Heart disease is the nation’s biggest killer. You may think heart attacks and strokes only affect older people who haven’t looked after their bodies. But you’d be wrong. Heart disease is increasingly prevalent among younger people. It’s never too early to start prioritizing heart health. Here are some tips to help you reduce your risk of developing heart disease.
Exercise is your best friend when it comes to boosting heart health. Working out boosts circulation and helps to lower blood pressure and cholesterol in the long-term. When you exercise, you also build up strength in your muscles, including your cardiac muscle tissue. Ideally, you should try and engage in moderate exercise for half an hour five times per week. This can include anything that increases your heart rate significantly. Take a yoga class or join a spinning class. Go for a jog around the park, or take your dog for a long walk. Hit the gym and lift some weights or go for a swim. Learn to dance or join a local tennis club.
If you’re not used to exercise, you may find it tough to begin with, but don’t give up. You’ll get fitter and stronger with every session.
Your diet plays an incredibly important role when it comes to heart health. A diet high in saturated fats and sugars can contribute to obesity, type 2 diabetes and high cholesterol–all risk factors for heart disease. Pay attention to your intake of fats, especially trans fats and saturated fats. Limit your consumption of refined sugar and iodized salt. Aim for at least five portions of fruit and vegetables per day, opt for whole grain foods, and ideally, switch to a whole food plant-based diet.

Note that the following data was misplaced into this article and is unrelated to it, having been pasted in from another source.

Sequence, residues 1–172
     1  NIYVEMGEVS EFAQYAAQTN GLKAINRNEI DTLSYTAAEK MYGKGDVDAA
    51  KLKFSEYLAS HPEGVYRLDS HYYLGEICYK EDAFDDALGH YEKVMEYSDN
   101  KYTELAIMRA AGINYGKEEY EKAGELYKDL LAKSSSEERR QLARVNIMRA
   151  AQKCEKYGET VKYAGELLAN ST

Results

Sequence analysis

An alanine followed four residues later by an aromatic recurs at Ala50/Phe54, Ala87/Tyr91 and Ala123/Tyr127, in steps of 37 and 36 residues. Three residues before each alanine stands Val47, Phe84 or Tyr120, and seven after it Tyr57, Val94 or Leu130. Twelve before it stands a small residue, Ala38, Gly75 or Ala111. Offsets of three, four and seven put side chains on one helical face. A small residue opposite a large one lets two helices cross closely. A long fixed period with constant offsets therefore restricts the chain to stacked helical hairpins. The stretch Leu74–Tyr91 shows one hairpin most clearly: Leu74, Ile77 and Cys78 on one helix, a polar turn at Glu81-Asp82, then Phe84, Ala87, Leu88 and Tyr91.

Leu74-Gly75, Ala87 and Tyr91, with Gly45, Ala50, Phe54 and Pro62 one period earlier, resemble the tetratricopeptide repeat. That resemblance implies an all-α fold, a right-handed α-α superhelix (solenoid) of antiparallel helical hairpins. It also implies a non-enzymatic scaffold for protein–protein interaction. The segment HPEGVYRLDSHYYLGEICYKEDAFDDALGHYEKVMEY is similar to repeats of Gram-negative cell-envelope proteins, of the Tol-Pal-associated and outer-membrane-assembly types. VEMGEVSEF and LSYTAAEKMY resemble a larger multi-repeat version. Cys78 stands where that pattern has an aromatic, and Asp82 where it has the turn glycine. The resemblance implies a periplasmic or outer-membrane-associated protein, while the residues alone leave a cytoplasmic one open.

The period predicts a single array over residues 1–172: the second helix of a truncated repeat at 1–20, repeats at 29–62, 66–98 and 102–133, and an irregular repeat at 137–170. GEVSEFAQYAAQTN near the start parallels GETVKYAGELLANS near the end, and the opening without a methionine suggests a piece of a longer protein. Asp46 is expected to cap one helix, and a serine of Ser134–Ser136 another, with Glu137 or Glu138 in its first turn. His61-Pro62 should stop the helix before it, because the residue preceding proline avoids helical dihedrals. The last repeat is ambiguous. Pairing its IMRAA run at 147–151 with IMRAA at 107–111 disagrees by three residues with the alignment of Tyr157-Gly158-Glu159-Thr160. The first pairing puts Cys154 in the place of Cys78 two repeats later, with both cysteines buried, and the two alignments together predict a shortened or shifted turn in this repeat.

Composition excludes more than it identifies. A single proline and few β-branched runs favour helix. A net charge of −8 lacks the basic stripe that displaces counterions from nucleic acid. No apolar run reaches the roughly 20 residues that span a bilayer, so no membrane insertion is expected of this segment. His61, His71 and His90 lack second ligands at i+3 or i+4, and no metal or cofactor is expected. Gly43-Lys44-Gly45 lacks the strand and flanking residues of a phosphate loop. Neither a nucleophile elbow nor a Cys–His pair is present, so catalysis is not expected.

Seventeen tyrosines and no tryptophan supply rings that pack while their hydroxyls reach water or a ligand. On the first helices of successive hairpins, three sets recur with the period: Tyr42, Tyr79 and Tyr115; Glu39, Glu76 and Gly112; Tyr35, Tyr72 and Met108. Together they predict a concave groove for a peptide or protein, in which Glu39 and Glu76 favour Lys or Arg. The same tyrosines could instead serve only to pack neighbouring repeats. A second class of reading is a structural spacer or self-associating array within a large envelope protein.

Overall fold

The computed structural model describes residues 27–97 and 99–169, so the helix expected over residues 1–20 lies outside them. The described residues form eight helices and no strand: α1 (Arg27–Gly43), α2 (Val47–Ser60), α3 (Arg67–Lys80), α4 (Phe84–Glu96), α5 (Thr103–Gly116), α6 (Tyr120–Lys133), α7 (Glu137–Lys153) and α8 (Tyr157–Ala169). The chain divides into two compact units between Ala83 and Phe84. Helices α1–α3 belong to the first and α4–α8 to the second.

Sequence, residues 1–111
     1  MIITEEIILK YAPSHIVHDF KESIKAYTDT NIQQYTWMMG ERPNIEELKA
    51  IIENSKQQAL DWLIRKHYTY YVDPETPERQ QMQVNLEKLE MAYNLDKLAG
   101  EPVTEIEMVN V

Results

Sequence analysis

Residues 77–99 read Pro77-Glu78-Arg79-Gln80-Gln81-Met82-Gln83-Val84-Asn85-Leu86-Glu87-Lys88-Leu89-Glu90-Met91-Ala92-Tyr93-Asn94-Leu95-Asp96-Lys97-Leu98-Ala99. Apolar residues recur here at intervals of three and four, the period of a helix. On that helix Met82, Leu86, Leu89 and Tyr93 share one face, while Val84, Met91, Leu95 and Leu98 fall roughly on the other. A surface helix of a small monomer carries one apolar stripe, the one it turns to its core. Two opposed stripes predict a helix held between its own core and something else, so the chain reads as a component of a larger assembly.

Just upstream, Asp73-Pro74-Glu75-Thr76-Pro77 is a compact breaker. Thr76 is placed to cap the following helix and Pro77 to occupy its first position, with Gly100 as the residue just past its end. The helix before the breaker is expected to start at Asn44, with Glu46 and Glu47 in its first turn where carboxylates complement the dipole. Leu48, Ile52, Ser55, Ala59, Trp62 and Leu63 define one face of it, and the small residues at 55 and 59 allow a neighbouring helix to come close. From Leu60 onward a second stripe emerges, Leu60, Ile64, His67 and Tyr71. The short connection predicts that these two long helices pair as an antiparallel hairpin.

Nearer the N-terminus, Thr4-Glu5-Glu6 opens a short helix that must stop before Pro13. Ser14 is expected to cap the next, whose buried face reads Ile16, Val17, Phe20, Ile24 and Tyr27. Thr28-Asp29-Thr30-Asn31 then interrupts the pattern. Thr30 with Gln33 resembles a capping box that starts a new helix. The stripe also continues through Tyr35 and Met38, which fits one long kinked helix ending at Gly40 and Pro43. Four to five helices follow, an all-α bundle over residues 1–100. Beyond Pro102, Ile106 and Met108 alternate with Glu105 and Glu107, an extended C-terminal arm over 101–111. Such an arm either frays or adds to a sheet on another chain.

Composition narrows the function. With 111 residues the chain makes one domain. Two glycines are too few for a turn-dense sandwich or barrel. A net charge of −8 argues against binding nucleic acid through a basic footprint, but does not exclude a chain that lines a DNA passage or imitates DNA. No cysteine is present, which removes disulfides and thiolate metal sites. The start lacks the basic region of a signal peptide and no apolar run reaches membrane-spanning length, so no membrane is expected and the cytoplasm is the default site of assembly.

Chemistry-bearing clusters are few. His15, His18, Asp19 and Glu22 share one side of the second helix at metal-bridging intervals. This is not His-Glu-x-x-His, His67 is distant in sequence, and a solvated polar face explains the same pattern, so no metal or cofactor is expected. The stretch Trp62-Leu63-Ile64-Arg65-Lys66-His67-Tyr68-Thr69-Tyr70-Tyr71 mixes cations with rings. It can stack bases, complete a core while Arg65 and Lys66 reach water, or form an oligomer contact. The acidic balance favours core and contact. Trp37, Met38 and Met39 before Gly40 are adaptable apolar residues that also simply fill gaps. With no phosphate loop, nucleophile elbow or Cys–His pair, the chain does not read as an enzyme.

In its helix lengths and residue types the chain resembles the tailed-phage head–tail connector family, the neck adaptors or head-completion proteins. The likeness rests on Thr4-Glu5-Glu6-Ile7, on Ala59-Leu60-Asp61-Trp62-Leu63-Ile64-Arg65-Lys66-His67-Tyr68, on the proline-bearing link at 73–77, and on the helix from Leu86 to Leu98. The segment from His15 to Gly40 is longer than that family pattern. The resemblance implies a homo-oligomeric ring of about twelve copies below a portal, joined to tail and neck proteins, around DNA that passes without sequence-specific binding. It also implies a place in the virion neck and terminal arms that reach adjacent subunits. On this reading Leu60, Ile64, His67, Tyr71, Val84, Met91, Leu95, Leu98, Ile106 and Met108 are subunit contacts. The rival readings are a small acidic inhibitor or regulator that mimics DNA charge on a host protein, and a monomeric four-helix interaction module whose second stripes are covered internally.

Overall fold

Book regular check ups and look out for warning signs
The signs of high blood pressure and raised cholesterol can be tough to spot. It’s a good idea to keep tabs on your heart by getting routine check ups. If you do have high blood pressure, for example, there are changes you can make to try and bring it down–like moving to a whole food plant based diet. Alternatively, you may be advised by your doctor to start taking medication. If you have serious issues, you may be referred to a specialist, such as an interventional cardiologist. The sooner potential warning signs are spotted, the better. Sometimes, there are no obvious signs of cardiac problems. But you should seek advice if you’re getting breathless or your heartbeat becomes irregular. It’s also important to see your doctor if you have chest pain.
Make positive lifestyle choices
Smoking and drinking alcohol excessively are risk factors for heart disease. If you want to give up smoking or drinking, ask your doctor for advice. Quitting isn’t easy. But it has incredible benefits for your health.